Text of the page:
“I first heard of him from a European collector,” says Artlist’s Astrid de Maismont who has sold several works by Garber-Maikovska watching as last Summer’s lull in interest for emerging artists gave way to a resurgence this Fall. de Maismont took her cues on the artist from that collector whom she describes as, “someone really off the radar with a great collection from Monet to Richter to Wool.”

“His prices haven’t gone cuckoo crazy,” says Kenny Schachter, the collector and chronicler of the art market, who says Garber-Maikovska is different from the waning Zombie Formalists. “He seems to be a young person on the move.”

“His work is something to live with and not worry about because the quality is so apparent,” says Schachter who bought one of Garber-Maikovska’s works from a friend and promptly put it in storage. “I find the work is just a lot more appealing. His work seems to have a voice that distinguishes itself from its peers. Zombies are supposed to live forever but they died.”

Whether Garber-Maikovska’s market can take on a life of its own remains to be seen. But this week will be a big test as four different works appear in the London Contemporary art day sales. There’s one at Sotheby’s, one at Phillips, and two at Christie’s (a black-and-white work and one in color.) Is there enough demand to place all of these works—and at the price level he so recently achieved?Continue Reading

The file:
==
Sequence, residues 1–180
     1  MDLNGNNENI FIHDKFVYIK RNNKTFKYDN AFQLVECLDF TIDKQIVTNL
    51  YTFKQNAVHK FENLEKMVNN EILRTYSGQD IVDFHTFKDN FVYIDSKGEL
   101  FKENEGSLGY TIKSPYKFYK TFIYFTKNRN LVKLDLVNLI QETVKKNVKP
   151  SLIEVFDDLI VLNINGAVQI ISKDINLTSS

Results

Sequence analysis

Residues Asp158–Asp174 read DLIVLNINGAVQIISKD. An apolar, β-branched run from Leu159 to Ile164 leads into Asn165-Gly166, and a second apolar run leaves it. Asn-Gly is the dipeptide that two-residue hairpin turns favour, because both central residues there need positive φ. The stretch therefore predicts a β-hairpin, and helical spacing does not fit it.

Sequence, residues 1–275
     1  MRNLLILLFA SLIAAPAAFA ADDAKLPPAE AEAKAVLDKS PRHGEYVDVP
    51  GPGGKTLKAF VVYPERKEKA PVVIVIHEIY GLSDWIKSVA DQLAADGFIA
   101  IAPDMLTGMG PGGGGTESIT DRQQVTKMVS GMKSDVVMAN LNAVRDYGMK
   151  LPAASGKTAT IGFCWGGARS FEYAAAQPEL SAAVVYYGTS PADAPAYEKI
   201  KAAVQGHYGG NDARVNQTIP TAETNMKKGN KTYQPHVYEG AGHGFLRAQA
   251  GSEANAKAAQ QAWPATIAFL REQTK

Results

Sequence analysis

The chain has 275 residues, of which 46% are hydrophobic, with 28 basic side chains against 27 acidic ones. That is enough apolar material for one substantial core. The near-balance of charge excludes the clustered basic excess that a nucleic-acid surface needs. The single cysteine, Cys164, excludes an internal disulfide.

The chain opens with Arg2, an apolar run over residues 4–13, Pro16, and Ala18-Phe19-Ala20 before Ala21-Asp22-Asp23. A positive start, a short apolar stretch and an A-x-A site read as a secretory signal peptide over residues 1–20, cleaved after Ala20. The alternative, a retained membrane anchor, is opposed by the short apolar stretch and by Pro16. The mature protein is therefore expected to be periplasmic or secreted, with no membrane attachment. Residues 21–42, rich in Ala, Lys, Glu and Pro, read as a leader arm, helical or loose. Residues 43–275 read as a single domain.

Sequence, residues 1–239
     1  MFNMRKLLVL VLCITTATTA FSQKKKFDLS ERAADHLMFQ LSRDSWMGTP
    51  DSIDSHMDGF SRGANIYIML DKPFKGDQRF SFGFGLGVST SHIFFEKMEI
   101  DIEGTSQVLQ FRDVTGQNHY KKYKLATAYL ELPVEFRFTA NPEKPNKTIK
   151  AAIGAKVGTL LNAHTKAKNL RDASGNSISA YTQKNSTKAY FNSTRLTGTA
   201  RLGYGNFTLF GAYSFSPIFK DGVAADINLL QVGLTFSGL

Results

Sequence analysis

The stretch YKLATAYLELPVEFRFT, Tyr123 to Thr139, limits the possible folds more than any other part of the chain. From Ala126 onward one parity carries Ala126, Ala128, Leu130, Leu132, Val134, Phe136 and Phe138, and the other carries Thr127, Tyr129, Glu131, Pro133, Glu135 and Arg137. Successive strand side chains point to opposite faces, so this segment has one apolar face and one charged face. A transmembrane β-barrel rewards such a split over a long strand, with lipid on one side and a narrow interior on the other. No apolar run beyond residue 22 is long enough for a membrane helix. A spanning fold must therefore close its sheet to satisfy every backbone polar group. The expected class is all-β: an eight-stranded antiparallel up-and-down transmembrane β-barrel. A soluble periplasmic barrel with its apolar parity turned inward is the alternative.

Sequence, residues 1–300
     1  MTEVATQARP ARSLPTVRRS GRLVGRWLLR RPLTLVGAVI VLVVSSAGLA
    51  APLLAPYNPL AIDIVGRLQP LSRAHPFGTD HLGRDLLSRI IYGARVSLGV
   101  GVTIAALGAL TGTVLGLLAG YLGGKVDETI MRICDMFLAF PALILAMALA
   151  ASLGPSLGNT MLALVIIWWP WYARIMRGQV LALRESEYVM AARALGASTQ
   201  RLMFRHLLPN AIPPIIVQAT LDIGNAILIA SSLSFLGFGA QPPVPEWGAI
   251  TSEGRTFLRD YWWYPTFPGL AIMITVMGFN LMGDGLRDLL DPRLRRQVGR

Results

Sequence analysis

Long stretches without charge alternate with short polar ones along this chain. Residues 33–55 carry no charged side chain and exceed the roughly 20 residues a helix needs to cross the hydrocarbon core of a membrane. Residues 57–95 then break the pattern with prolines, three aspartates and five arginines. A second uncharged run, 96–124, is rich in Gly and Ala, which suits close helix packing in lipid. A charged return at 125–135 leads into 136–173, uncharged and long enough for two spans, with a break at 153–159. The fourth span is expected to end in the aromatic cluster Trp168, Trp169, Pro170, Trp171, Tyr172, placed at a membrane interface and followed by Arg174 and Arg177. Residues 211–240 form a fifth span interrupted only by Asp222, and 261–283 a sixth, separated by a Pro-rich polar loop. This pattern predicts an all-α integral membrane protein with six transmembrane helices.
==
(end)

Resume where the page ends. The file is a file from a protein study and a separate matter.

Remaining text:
There’s More Where Last Week’s Record Ferrari Came From

Robert Frank tells the story behind last week’s record-making Ferrari sale. For Frank, it’s part of a broader tax valuation case in France,

Pierre Bardinon, born in 1931, was an heir to the Chapal family, a French leather and fur dynasty famed for making pilot bomber jackets. As a boy, Bardinon fell in love with cars and started buying old racing Ferraris in the 1960s, when few other collectors were interested in them. He went on to buy more than 70 rare Ferraris.

He turned the family chateau at Mas du Clos, near Aubusson, into a Ferrari playground, with a museum housing the cars, and a two-mile racetrack. […]

The Ferrari collection had dwindled to around 20 cars by 2012, as Mr. Bardinon sold them off. Yet their value has soared. […] Marcel Massini, a Geneva-based Ferrari historian who knew Mr. Bardinon and frequently inspected the collection, said the remaining cars in the Bardinon collection could be worth over $200 million. He said at least three of them could fetch over $30 million each in today’s market.